It’s friendly low down with plenty of tractable power, won’t excite fast riders, but offers enough of a kick to keep even the itchiest of wrists happy.
The price of quality
The Scrambler family has proved reliable since its inception and quality and finish is excellent. The Sled was originally priced at £9395 for the red model and £9495 for the white model, meaning it sits at the very premium end of off-road-ready middleweight motorcycles. Most of these will never see the dirt though - kept for sunny weekend road-going jaunts only.
Plenty of spec
It gets a new headlamp grill, mudguards front and rear, new posh exhaust system, detachable rear pillion pegs and the bashplate from the Urban Enduro model. So far so good.
The Sled gets the Multistrada Enduro’s posh grippy pegs with removable rubber inserts, they’re positioned lower and further forward. And it’s also pinched the Scrambler Full Throttle’s low motocross style handlebar, which has been rolled forward and treated to a brace.
The Sled also gets a new larger 19” front wheel, and both the front and rear tyre widths have been slimmed down to help the rubber cut through the rough stuff.
"Roland Sands gives the Ducati Scrambler some West Coast style"
Just a money making machine?
In many ways, the Mach 2.0 is a cynical money making machine that cashes in on Roland Sands’ name with minimal alterations to the basic Scrambler base.
But it has to be said, the Bell Cross Idol-inspired paint scheme does look fantastic and the lower bars add more of a butch feeling to the bike while the other mods are subtle yet classy. Is it worth £1245 more than an Icon? That depends on how much you value fashion…
Surprisingly good handling
With its semi-chunky tyres and odd-sized wheels the Scrambler shouldn’t handle that well, but it does. This is a bike that can be enjoyed in the bends at a reasonable pace and stops well thanks to a strong four-piston single front brake that is backed up with ABS. The Mach 2.0’s lower bars and flat track-style seat don’t detract from its comfort levels too much.
The standard 800cc Scrambler engine remains
The V-twin engine in the Mach 2.0 is mechanically identical to the motor used in other Scrambler models and as such you get a spirited air-cooled desmo that has good mid-range and loads of character.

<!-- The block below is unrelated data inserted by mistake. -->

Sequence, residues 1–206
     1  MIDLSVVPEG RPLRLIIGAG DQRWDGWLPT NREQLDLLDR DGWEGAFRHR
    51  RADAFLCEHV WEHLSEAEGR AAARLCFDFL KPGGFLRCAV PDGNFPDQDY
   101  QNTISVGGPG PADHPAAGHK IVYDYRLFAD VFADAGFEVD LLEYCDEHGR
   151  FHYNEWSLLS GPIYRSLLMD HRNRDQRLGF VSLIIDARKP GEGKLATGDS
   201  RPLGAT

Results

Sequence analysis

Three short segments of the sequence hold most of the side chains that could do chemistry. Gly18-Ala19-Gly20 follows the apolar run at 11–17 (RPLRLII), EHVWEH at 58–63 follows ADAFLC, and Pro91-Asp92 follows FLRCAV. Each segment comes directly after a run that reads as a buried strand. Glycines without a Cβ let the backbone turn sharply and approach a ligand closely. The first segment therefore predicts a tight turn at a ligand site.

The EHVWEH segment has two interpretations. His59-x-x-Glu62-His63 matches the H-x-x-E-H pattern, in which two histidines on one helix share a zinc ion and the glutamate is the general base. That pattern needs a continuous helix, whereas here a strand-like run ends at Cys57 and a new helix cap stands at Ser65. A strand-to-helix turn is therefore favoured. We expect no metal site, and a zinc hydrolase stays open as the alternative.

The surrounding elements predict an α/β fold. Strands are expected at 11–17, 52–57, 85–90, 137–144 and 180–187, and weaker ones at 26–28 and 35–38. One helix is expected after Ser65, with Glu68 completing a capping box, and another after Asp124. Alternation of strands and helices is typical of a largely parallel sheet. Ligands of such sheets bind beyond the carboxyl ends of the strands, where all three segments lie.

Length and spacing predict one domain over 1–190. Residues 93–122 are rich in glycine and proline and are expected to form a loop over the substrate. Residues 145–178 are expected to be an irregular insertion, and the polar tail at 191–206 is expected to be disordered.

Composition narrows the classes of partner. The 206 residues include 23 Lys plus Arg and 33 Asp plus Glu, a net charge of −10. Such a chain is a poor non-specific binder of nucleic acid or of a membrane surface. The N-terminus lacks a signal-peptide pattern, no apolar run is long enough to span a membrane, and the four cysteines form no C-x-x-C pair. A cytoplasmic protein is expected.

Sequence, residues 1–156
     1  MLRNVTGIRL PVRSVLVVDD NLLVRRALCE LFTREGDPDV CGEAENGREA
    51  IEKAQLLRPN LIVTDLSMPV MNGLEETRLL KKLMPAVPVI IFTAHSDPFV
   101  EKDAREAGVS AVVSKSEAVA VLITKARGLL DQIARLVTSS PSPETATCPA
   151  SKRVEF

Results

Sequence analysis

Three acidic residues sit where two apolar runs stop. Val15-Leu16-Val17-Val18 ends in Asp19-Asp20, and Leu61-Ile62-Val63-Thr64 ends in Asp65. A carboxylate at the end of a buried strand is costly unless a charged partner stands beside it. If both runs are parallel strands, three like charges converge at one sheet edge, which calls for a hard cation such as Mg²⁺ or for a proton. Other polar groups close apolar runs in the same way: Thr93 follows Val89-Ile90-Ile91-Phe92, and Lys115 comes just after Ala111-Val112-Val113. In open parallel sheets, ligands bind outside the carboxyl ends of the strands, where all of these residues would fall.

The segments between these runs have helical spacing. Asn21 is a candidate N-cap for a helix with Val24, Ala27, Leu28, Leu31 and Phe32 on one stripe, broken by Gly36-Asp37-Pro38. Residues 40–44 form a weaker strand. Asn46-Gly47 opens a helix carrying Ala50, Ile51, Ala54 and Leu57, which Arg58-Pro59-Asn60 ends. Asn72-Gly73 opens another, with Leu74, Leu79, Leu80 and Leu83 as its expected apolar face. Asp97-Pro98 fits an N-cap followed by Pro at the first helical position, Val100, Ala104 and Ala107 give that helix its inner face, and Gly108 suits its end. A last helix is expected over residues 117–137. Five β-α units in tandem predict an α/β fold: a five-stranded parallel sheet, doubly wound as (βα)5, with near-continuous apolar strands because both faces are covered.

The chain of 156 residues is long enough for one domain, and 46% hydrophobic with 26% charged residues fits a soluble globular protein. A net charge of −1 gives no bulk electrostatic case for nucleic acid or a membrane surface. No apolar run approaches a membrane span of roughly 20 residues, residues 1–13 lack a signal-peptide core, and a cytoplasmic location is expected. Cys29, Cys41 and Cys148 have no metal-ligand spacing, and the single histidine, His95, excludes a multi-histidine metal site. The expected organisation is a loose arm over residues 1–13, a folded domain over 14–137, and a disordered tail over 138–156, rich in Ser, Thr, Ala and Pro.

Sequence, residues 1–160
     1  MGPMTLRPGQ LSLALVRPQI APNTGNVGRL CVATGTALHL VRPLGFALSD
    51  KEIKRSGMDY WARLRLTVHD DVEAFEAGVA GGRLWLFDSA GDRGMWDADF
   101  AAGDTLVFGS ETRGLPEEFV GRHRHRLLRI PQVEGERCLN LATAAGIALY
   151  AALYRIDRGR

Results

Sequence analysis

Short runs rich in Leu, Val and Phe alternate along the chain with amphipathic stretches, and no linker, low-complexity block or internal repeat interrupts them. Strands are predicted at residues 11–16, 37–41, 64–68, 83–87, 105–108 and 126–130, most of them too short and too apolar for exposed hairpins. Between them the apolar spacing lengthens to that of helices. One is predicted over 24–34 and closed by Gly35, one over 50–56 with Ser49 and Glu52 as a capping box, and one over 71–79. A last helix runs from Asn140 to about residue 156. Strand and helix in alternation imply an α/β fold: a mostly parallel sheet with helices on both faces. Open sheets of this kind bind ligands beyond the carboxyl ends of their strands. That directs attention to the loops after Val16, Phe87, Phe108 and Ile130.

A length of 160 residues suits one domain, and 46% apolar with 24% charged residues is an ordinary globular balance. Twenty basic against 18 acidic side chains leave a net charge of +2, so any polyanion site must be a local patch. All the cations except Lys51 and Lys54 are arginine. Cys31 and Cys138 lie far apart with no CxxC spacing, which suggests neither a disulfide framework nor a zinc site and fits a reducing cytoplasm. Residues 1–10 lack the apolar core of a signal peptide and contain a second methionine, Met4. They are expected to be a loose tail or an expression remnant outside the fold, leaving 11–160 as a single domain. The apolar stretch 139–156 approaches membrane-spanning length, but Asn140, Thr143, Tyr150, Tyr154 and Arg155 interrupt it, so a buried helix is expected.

It’s a lovely engine for town riding thanks to a light APTC clutch and although a little underpowered when the pace ups, is ideal for chilled-out cruising and has a real inbuilt fun factor.
No known horror stories to report
The Scrambler has been on sale since 2015 and there are no known horror stories when it comes to reliability. The air-cooled motor has 7,500-mile or one year service intervals and is cheap to get serviced due to its accessibility. The level of finish on the Scrambler models is also pleasingly high.
£1245 extra for a styling job
With an initial price tag of a £9195, you effectively paid an extra £1245 over the stock Scrambler model’s £7950 asking price for a set of bars, flat track-style seat, black exhaust cover and engine heads and a flash paint scheme. Does it justify the extra cash spent?
That depends on how much you value Sands’ design skills, but it is worth considering the Classic with its spoke wheels and cool retro look is £100 less than the Mach 2.0… You do the maths.
A pleasing lack of electronic assists
The Mach 2.0 gains a few unique parts, but the whole ethos of the Scrambler range is a lack of electronic assists and aside from ABS, it is pleasingly devoid of them. You get a USB plug in point under the seat, which is helpful, but there’s no traction control.
"Ducati’s new Scrambler 1100 is a retro that has big bike performance to match its looks"
More of the same, only with more grunt
Ducati’s new Scrambler 1100 will appeal to those riders who liked the style of the original, but were put off by its size and lack of oomph.
The 1100 is a retro that has big bike performance to match its looks, is built like a true slice of Italian exotica and has the speed, grunt, character and handling to put a smile on your face.
But suspension is a little crude and for its engine size we were hoping for a little more speed and pizzazz.
Compared to the smaller Scramblers the 1100 sits tougher and more muscular. It’s 50mm wider, 69mm longer and the seat is 20mm taller and 43mm longer for more space to move around.
There’s an extra disc up front, gripped by Brembo four-piston radial calipers, a larger 15-litre tank, a wider (120/70 x 18) front tyre and chunkier forks, up from 41mm to 45mm diameter.
Now the Scrambler has a shimmering ‘big bike’ feel to it. With its natural bar, seat and peg position it’s all-day comfy for taller riders and low enough for shorter ones, too, but wind protection isn’t great, as you’d expect from an exposed naked.
Brakes are packed with feel-good power and dual-purpose Pirelli MT60 RS tyres have gluey wet and dry grip.
The new steel trellis frame and ali swingarm give the Scrambler 1100 a stiff feel and the suspension is firm too, which is heaven when the roads are smooth.